Visio Divina, much like the well known Lectio Divina, is a form of prayer that emphasizes quiet contemplation. This week, international missioners in formation were asked to spend intentional time with an image, quieting their mind and inviting the Holy Spirit to speak to them through the image. During this time, the missioners were encouraged to pay attention to their emotional reactions to the image as well as the symbolism and colors that stood out to them. With practice, Visio Divina prayer can help stretch a person's imagination so that they can become more aware of God in their surroundings.
During morning prayer on Tuesday, the missioners spent time with this picture of a local mural of Maya Angelou in Washington DC.
Franciscan Saint of the Week
St. Agnes of Assisi
The Franciscan tradition is brimming with Saints, Blesseds and Venerables included in the Roman Canon. Each week, we will highlight a new Franciscan who lived a notable life of holiness.

St. Agnes was born the younger sister of St. Clare of Assisi in 1197. Much like her older sister, Agnes left her wealthy family to follow St. Francis only two weeks after Clare did, and the family did not take kindly to the sisters' choice to live in simplicity. In fact, Agnes's family tried to have her forcefully dragged from the monastery at San Damiano, but by some miracle, the knights were not able to physically move her. She remained rooted to the spot, insistent on living by the Franciscan rule. St. Francis himself was very fond of her, and although she was born with the name Caterina, he gave her the name Agnes because her humble, gentle demeanor reminded him of a lamb. St. Agnes became the abbess of a monastery of Poor Ladies in Monticelli and remained close to her sister and spiritual family in San Damiano for her whole life. St. Agnes was with St. Clare when she died in 1253, and followed her in death three months later.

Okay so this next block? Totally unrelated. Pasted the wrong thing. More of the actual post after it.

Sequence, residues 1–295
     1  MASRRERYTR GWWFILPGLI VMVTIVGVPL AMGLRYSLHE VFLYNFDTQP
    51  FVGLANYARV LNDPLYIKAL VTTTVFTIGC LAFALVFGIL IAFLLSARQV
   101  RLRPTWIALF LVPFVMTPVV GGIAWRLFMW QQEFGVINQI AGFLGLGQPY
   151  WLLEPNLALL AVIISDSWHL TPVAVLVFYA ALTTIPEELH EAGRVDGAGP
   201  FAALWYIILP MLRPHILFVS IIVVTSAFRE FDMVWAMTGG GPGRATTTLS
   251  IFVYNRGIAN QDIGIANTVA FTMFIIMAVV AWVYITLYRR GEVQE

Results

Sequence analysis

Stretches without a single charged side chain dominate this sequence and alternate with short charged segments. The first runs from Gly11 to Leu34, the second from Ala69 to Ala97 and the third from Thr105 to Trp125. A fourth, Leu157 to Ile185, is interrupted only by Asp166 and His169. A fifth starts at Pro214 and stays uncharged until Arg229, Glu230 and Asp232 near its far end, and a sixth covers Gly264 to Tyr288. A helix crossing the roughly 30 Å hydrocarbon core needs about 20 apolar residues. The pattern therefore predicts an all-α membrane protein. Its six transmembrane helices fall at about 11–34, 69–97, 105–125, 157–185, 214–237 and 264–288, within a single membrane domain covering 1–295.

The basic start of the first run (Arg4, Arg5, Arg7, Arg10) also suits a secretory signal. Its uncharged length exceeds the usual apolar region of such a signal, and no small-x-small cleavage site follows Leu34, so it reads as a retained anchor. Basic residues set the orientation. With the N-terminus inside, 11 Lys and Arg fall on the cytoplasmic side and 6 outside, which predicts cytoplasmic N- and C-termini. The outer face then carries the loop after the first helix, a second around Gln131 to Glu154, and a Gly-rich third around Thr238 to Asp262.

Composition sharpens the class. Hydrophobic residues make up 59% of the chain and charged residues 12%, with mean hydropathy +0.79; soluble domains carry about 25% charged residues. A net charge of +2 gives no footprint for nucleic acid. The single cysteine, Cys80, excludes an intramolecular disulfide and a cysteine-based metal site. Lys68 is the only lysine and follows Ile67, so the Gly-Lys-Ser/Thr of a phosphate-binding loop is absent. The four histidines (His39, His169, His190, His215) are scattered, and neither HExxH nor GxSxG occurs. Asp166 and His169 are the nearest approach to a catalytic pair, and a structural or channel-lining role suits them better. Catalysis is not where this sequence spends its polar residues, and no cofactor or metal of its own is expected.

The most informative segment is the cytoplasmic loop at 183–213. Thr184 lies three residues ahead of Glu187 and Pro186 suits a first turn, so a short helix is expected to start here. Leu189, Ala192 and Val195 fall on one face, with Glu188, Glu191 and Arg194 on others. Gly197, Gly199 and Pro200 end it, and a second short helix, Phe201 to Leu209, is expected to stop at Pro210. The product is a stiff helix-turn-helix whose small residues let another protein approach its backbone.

St. Agnes of Assisi, pray for us!
Let's stay connected!